Masters student blog series: 2021 recap
Last year we invited some of our International Development students to write blog articles exploring key topics from their courses. Here's a roundup of all those articles in one place.
#01: Emily Cooper
MPH International Development student Emily Cooper explores what ubuntu's focus on altruism and cohesion means for Western environmentalists.
#02: Tania Salas
Tania Salas, MA Intercultural Communication and International Development student, explores local small-scale food production in relation to the indigenous revolutionary group.
#03: Lauryn Bissett
MSc Environmental Change and International Development student Lauryn Bissett explores a concept with a biocentric view of human relationships with nature, focussing on social and environmental wellbeing.
#04: Matthew Mather
Matthew Mather, MA International Development student, explores a unique approach to tackling food insecurity in Peru.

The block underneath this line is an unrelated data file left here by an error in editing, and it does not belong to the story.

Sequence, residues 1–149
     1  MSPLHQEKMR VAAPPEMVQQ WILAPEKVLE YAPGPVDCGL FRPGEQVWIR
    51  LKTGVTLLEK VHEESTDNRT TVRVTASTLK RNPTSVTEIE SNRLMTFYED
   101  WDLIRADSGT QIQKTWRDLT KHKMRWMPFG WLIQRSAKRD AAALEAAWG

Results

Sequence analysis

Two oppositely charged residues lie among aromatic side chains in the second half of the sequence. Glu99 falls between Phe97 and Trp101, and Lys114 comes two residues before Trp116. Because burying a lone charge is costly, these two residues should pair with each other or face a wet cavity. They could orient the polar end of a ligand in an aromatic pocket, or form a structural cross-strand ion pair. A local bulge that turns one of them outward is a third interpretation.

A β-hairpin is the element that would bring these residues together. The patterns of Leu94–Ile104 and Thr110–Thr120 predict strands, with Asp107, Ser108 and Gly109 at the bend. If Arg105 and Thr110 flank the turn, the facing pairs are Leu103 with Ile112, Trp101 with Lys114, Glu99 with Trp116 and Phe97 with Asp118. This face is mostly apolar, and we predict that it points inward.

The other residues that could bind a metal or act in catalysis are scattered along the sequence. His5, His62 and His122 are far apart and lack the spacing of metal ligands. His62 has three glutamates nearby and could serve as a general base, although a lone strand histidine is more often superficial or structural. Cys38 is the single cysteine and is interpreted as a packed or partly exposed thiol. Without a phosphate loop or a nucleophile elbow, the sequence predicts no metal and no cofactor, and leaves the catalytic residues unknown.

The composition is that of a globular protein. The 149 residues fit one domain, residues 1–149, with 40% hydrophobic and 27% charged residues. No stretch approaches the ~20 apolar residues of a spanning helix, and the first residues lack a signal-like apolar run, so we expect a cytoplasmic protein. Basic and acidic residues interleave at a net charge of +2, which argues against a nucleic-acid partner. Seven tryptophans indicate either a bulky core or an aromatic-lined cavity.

#05: Lauren Granger
MA International Development student Lauren Granger explores how a human rights-based approach to development can empower the most vulnerable individuals to know their human rights.
#06: Alessandro De Nittis
Thailand’s fight on opium production is nowadays considered an effective alternative to drug control. But what can it teach us about food security, asks MA Intercultural Communication and International Development student Alessandro De Nittis.
#07: Ethan Dockery
MSc Environmental Change and International Development student Ethan Dockery discusses rights-based approaches to development and climate change for our masters blog.
#08: Connor Cashell
MA International Development student Connor discusses capitalism, the climate crisis and Buen Vivir for the latest edition of our masters student blog series.
#09: Amy Rhodes
MPH International Development student Amy Rhodes discusses the advantages and limitations of using community-focused development theories to tackle Gender-Based Violence.
#10: Meghana Venkatesh
MPH International Development student Meghana Venkatesh discusses a human-rights based approach to water, sanitation, and hygiene (WASH).
#11: Daniela Arcuri
MPH International Development student Daniela Arcuri discusses food insecurity, politics and the right to food.
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